Last updated on: 2/2/2023 | Author:

Hepatitis B

Cases, Deaths, and Vaccination Rates

Hepatitis B (hep B), according to the CDC, is “a contagious virus that is transmitted through blood, blood products, and other body fluids (such as semen)… Symptoms include a sudden fever, tiredness, loss of appetite, nausea, vomiting, stomach pain, dark urine, joint pain, and yellowing of the skin and eyes (jaundice).”

Microscopic view of the hepatitis B virus
Source: Sanofi Pasteur, “Hepatitis B Virus (HBV),”, Aug. 7, 2013

In 1965, Baruch Blumberg, an American doctor who won the Nobel Prize in Medicine (1976) for his work on hepatitis B, matched a protein found in an Australian aborigine’s blood with an antibody found in an American hemophiliac. First called the “Australian antigen,” it was discovered to be the hepatitis B virus and provided a source for the vaccine created in 1969. Because the virus could not be recreated in a lab, the first vaccine was a heat-treated form of the virus.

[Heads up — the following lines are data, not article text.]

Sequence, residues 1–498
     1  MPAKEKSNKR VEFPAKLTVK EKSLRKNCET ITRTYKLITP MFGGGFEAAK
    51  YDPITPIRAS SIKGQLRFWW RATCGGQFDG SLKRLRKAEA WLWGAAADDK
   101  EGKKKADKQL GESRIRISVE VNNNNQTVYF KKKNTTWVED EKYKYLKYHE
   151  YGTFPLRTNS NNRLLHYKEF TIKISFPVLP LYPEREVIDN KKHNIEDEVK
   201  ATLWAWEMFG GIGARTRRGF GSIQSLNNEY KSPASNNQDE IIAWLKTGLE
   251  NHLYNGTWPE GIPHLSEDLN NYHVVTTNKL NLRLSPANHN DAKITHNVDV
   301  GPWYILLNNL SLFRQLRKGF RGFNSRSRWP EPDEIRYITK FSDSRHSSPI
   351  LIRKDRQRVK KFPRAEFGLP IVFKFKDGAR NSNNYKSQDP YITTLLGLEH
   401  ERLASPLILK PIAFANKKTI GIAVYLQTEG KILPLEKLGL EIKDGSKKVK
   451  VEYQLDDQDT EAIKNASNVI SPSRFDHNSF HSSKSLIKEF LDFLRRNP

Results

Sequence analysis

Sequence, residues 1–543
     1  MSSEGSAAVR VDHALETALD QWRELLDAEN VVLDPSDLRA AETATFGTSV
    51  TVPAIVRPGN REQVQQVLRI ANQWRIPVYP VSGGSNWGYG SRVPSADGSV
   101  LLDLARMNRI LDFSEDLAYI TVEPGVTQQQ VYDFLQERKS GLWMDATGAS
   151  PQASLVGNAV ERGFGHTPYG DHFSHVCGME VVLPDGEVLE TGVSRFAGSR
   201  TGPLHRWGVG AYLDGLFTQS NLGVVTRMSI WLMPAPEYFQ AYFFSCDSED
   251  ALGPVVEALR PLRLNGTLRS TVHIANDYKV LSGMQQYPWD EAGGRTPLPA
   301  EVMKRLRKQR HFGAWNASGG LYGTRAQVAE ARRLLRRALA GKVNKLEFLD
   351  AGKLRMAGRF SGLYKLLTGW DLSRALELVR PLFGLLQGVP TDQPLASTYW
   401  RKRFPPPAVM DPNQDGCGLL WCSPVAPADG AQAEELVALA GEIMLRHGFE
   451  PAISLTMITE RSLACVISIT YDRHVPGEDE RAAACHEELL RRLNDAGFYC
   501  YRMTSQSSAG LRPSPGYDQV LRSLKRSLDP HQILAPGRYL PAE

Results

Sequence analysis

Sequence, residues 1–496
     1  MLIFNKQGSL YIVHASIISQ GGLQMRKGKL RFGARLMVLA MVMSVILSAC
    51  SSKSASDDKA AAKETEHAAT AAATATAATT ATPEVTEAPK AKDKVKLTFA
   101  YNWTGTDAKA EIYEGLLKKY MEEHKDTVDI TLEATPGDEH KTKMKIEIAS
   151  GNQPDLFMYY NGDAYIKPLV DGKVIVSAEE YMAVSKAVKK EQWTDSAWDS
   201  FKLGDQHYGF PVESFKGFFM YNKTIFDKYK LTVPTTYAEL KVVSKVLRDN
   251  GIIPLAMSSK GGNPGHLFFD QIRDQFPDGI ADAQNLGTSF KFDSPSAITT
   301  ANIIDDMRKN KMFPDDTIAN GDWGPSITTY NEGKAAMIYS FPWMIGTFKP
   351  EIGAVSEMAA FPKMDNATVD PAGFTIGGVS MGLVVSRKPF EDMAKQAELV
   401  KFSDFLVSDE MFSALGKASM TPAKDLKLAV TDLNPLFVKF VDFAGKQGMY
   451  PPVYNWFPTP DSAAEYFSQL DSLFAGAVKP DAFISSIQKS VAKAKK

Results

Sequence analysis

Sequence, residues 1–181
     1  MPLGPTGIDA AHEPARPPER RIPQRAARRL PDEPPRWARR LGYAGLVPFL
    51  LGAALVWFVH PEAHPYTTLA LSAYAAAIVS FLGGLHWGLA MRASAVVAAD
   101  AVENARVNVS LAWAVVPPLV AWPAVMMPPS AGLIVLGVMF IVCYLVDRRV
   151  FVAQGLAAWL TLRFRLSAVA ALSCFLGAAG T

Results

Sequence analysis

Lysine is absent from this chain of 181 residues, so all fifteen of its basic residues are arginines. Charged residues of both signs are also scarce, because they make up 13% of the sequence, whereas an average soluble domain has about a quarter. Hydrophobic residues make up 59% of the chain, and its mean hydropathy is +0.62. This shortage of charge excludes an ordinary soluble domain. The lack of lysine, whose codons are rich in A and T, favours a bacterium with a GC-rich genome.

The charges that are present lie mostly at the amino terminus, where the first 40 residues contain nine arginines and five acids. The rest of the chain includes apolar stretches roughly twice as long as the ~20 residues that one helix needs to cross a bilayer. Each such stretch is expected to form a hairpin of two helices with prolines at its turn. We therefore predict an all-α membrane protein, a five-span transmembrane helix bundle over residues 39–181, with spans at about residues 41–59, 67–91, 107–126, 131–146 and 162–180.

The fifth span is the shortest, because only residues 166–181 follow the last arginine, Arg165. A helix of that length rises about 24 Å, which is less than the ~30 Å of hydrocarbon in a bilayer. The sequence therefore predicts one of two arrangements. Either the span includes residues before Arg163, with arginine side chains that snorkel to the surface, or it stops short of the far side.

In 1981, the FDA approved Heptavax-B, a vaccine created by Maurice Hilleman. Because Heptavax-B used human serum and the fear of HIV infection was high, a new recombinant DNA vaccine, Recombivax HB, was licensed on June 23, 1986 that did not use human serum. As of July 2014, two hepatitis B vaccines are used, Engerix-B and Recombivax, as well as Twinrix (a hepatitis A and hepatitis B combination vaccine).

The CDC recommends that children receive the first dose of the hepatitis B vaccination at birth.


CDC, “Hepatitis B,”, Mar. 10, 2013

CDC, “Reported Cases and Deaths from Vaccine Preventable Diseases, United States, 1950-2013,”, Sep. 2014

CDC, “U.S. Vaccination Coverage Reported via NIS,”, Mar. 11, 2014

College of Physicians of Philadelphia, “The History of Vaccines: Timelines, Diseases and Vaccines,” (accessed June 25, 2014)

Hepatitis B Foundation, “Hepatitis B Vaccine History,”, Oct. 21, 2009